Effects of supplementation with milk protein on glycemic parameters: a GRADE-assessed systematic review and dose–response meta-analysis
Nutrition Journal volume 22, Article number: 49 (2023)
It is suggested that supplementation with milk protein (MP) has the potential to ameliorate the glycemic profile; however, the exact impact and certainty of the findings have yet to be evaluated. This systematic review and dose–response meta-analysis of randomized controlled trials (RCTs) assessed the impact of MP supplementation on the glycemic parameters in adults.
A systematic search was carried out among online databases to determine eligible RCTs published up to November 2022. A random-effects model was performed for the meta-analysis.
A total of 36 RCTs with 1851 participants were included in the pooled analysis. It was displayed that supplementation with MP effectively reduced levels of fasting blood glucose (FBG) (weighted mean difference (WMD): -1.83 mg/dL, 95% CI: -3.28, -0.38; P = 0.013), fasting insulin (WMD: -1.06 uU/mL, 95% CI: -1.76, -0.36; P = 0.003), and homeostasis model assessment of insulin resistance (HOMA-IR) (WMD: -0.27, 95% CI: -0.40, -0.14; P < 0.001) while making no remarkable changes in serum hemoglobin A1c (HbA1c) values (WMD: 0.01%, 95% CI: -0.14, 0.16; P = 0.891). However, there was a significant decline in serum levels of HbA1c among participants with normal baseline body mass index (BMI) based on sub-group analyses. In addition, HOMA-IR values were significantly lower in the MP supplement-treated group than their untreated counterparts in short- and long-term supplementation (≤ 8 and > 8 weeks) with high or moderate doses (≥ 60 or 30–60 g/d) of MP or whey protein (WP). Serum FBG levels were considerably reduced upon short-term administration of a low daily dose of WP (< 30 g). Furthermore, the levels of serum fasting insulin were remarkably decreased during long-term supplementation with high or moderate daily doses of WP.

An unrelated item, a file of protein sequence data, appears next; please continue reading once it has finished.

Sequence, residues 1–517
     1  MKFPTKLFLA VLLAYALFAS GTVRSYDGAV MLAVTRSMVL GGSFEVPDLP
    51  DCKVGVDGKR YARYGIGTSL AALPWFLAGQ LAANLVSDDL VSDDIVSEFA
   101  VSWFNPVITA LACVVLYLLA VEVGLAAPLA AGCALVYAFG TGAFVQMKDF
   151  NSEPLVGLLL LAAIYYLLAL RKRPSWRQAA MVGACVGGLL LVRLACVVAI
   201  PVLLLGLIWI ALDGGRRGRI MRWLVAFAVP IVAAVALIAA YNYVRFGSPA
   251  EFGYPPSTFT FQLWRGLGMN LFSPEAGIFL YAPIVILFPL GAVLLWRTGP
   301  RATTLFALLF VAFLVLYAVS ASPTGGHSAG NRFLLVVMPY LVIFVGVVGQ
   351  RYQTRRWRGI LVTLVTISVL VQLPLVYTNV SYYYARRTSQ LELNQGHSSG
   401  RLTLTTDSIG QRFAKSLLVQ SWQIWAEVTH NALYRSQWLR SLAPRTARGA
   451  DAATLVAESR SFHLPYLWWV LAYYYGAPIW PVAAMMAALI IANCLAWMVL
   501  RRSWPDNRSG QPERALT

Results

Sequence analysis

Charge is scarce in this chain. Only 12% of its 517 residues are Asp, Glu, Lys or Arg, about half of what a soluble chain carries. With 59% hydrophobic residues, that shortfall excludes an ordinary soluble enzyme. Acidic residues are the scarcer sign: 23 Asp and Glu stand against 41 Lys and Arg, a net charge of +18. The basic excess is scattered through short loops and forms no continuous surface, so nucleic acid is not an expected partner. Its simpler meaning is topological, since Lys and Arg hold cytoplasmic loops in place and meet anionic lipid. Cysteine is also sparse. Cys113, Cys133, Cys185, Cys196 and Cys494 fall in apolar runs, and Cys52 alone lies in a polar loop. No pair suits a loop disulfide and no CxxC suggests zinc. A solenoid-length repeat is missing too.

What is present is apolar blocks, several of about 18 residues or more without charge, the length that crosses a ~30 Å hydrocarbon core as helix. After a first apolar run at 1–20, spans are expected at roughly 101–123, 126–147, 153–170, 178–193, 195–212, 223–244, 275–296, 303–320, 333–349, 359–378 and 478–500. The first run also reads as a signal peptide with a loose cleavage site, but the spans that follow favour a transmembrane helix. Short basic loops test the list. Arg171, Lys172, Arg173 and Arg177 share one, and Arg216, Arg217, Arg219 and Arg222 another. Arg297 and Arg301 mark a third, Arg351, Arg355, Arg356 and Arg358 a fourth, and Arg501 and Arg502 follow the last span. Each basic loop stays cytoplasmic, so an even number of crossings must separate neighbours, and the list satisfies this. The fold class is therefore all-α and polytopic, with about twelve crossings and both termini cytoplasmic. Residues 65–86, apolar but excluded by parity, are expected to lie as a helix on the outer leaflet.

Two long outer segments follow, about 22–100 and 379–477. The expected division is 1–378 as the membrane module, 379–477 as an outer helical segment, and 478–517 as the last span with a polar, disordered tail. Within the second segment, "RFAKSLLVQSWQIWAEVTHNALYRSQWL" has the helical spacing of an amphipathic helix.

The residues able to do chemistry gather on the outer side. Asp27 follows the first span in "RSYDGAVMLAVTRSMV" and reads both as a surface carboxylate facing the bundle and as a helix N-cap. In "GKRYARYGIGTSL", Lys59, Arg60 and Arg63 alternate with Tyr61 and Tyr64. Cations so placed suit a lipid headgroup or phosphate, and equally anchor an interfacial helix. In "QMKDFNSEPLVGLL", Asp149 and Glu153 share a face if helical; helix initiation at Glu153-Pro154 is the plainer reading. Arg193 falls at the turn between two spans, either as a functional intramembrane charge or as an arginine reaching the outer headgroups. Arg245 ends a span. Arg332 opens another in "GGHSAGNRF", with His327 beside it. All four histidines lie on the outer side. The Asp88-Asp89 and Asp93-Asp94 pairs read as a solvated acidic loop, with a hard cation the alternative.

The findings of this study suggest that supplementation with MP may improve glycemic control in adults by reducing the values of fasting insulin, FBG, and HOMA-IR. Additional trials with longer durations are required to confirm these findings.
The increasing prevalence and burden of type 2 diabetes mellitus (T2DM) and hyperglycemia (very high blood sugar) is a major global health concern [1, 2]. A high blood glucose (HBG) level is a common problem for diabetic patients . Long-term exposure to HBG is the primary causal factor in the pathogenesis of diabetic complications . Hyperglycemia is caused by reduced glucose utilization, increased glucose production, and decreased insulin secretion . It is a potential target to enhance clinical outcomes in hospitalized patients with acute disease, even without overt diabetes . It has been suggested that each 1 mg/ dL increment in fasting glucose concentration may increase the risk of developing diabetes by 9% .
Hyperglycemia causes a lot of changes in vascular tissue that could lead to accelerated atherosclerosis . In addition, HBG raises the risk of developing cardiovascular diseases (CVDs) in diabetic and non-diabetic individuals . Furthermore, HBG can be diagnosed in hospitalized patients, even those without diabetes . It can change innate immune responses to infection, leading to poor outcomes in these patients . Therefore, it is essential to monitor blood glucose levels, normalize hyperglycemia, and prevent hyperglycemia-induced complications .
Consumption of food products that contain digestible carbohydrates (CHO) can cause postprandial HBG and glycemic responses . A healthy eating pattern is one of the key components of HBG management [11,12,13,14]. Cow milk is a food item necessary for a balanced diet and contains several essential micro- and macronutrients . Lactose is the major carbohydrate with a low glycemic index (GI) in dairy products and a disaccharide of glucose and galactose . The lower GI of dairy products has been linked to their matrix for controlling gastric emptying and the presence of lactose [16, 17]. It was reported that the addition of dairy products to high-carbohydrate meals may reduce postprandial blood glucose levels and have a favorable impact on glycemic profile . It decreases post-meal glycemia when consumed during or before an ad libitum meal . In addition, it may deliver comparatively high levels of CHO with limited glycemic responses . However, glycemic reactions following the consumption of milk products are uncertain and controversial .